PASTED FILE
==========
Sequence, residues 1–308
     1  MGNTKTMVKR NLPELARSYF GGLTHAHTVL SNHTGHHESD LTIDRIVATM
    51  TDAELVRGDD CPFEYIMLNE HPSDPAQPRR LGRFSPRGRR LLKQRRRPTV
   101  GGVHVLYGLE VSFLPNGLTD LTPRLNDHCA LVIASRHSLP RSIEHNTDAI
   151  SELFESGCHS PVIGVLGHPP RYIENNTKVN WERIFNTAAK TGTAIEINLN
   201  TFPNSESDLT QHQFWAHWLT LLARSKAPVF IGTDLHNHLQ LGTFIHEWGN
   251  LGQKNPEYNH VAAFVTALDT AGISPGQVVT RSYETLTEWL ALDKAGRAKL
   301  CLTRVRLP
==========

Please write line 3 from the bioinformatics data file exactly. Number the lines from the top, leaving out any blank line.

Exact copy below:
    51  TDAELVRGDD CPFEYIMLNE HPSDPAQPRR LGRFSPRGRR LLKQRRRPTV